Evidence COVID in pregnancy can affect offspring's neurodevelopment

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In a recent study published in the Jama Network Open journal, researchers investigated the impact of in utero exposure to coronavirus disease 2019 (COVID-19) on the neurodevelopment of infants.

It is still unclear if a mother's severe acute respiratory syndrome coronavirus 2 (SARS-CoV-2) infection affects her offspring's neurodevelopment. However, the robust immune activation observed in a subset of infected individuals suggests that maternal and placental inflammation may influence fetal development and the expression of cytokines during critical developmental windows.

Study: Neurodevelopmental Outcomes at 1 Year in Infants of Mothers Who Tested Positive for SARS-CoV-2 During Pregnancy. Image Credit: Kateryna Kon / ShutterstockStudy: Neurodevelopmental Outcomes at 1 Year in Infants of Mothers Who Tested Positive for SARS-CoV-2 During Pregnancy. ​​​​​​​Image Credit: Kateryna Kon / Shutterstock

About the study

In the present study, researchers explored whether in utero SARS-CoV-2 exposure was related to the risk for neurodevelopmental disorders within the initial 12 months post-birth.

The team obtained data from the electronic health records (EHRs) of two academic medical centers and six community hospitals to identify all live births between March and September 2020. Infants were linked to their respective maternal records using information from the electronic data warehouse (EDW) according to the date and time of birth, gender of the offspring, and medical record number.

To collect information related to the mothers, the team queried the international statistical classification of diseases and related health problems (ICD-10) billing codes, medications, problem lists, and laboratory studies conducted from the date of the estimated latest menstrual period up to the date of discharge post-delivery. The team also collected maternal data, including age, gender, insurance type, race, and ethnicity.

The primary outcome of the study included the diagnosis of a neurodevelopmental disorder, which was based on the presence of a minimum of one ICD-10 code from the healthcare cost and utilization project (HCUP) level 2 developmental category (code 654), which included F7x denoting intellectual disabilities and F8x comprising of F80 for developmental disorders of speech and language, F81 for specific developmental disorders of scholastic skills, F82 for a specific developmental disorder of motor function, F84 for pervasive developmental disorders, and F88/89 for other/unspecified disorder of psychological development. Two physicians reviewed all COVID-19 positive case charts in order to verify the documentation of the related diagnosis.

The team defined maternal COVID-19 positivity according to the result of the laboratory polymerase chain reaction (PCR) performed at any point throughout the pregnancy. The trimester during which the SARS-CoV-2 exposure occurred was calculated based on the established gestational age: first trimester (zero to 12 weeks), second trimester (12 to 26 weeks), and third trimester (26 weeks up to delivery).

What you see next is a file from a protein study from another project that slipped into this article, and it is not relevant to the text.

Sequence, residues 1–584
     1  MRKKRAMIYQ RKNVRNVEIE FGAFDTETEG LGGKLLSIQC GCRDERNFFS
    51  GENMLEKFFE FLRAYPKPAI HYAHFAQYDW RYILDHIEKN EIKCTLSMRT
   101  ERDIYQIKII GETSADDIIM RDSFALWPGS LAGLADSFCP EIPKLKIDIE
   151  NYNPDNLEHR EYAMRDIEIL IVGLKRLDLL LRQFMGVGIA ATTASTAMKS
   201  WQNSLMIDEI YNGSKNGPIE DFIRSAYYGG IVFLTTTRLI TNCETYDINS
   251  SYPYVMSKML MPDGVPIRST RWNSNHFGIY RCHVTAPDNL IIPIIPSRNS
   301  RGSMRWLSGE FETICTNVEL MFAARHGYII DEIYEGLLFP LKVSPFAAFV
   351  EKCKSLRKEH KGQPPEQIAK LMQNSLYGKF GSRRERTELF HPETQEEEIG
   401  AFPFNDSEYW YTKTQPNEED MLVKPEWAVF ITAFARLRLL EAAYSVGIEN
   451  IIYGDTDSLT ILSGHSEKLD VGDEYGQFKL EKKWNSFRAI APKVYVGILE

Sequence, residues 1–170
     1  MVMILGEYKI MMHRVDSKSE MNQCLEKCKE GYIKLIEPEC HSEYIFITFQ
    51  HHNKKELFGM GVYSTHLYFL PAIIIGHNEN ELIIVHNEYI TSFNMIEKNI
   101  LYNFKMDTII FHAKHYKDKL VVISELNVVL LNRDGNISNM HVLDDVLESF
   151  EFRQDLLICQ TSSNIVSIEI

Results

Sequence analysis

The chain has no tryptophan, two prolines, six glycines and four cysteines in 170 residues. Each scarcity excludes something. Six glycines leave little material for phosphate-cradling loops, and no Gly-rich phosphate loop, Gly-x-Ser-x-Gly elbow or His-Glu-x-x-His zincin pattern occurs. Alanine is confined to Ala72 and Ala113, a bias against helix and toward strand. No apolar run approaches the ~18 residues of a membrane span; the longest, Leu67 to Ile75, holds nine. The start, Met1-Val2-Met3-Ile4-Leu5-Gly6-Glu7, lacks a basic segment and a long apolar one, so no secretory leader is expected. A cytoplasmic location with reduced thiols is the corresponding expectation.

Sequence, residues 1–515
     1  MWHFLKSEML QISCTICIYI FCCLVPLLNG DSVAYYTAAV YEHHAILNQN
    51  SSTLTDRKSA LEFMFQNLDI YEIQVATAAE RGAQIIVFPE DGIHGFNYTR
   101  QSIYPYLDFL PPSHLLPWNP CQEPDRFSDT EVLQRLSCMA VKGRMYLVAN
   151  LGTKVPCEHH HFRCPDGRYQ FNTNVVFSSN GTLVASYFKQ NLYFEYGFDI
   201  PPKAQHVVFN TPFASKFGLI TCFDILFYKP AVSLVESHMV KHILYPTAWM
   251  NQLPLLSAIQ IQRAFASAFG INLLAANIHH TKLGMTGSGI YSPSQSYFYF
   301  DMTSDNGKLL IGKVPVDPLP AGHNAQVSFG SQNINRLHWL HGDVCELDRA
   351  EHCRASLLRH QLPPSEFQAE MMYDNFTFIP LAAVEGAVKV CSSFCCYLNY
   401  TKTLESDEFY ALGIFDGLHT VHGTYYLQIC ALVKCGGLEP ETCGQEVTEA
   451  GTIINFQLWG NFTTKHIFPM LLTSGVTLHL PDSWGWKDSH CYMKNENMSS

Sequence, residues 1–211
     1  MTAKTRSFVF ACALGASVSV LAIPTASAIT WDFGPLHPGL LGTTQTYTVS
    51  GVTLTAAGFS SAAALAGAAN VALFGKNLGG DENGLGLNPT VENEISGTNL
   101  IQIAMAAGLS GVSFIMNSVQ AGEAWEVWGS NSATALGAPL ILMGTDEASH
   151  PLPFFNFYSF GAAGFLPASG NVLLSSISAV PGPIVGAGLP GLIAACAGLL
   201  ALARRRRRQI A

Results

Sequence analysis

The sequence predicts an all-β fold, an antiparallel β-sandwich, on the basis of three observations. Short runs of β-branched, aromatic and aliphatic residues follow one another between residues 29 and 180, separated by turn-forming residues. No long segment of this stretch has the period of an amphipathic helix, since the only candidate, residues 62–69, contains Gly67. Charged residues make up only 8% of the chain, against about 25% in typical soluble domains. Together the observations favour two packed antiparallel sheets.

The study population comprised 7,772 live births with an average maternal age of 32.9 years. Almost 10% of the total offspring were Asian, 8.4% were Black, and 69% were White. The overall rate of COVID-19 positivity during pregnancy was 2.9%. The team noted that 3.2% of the pregnant COVID-19-positive women were Asian, 36.9% were White, and 51.8% were Hispanic. Moreover, preterm delivery was more likely to occur among SARS-CoV-2-exposed mothers.

The study results showed that 6.3% of the exposed and 3.0% of the unexposed offspring received a neurodevelopment diagnosis in the first 12 months after birth. The most commonly occurring neurodevelopment diagnoses included specific developmental disorders of motor function, expressive language disorder, and developmental disorder of speech and language. The average time of diagnosis was earlier among the exposed offspring than the unexposed ones.

Overall, the study showed that offspring exposed to COVID-19 had a greater risk of suffering from adverse neurodevelopmental outcomes within 12 months after birth, especially those exposed to third-trimester maternal infection.

The researchers believe that follow-up studies will prove critical in confirming the correlation between and estimating the risk of neurodevelopmental disorders after in utero SARS-CoV-2 exposure.

Journal reference:
Bhavana Kunkalikar

Written by

Bhavana Kunkalikar

Bhavana Kunkalikar is a medical writer based in Goa, India. Her academic background is in Pharmaceutical sciences and she holds a Bachelor's degree in Pharmacy. Her educational background allowed her to foster an interest in anatomical and physiological sciences. Her college project work based on ‘The manifestations and causes of sickle cell anemia’ formed the stepping stone to a life-long fascination with human pathophysiology.


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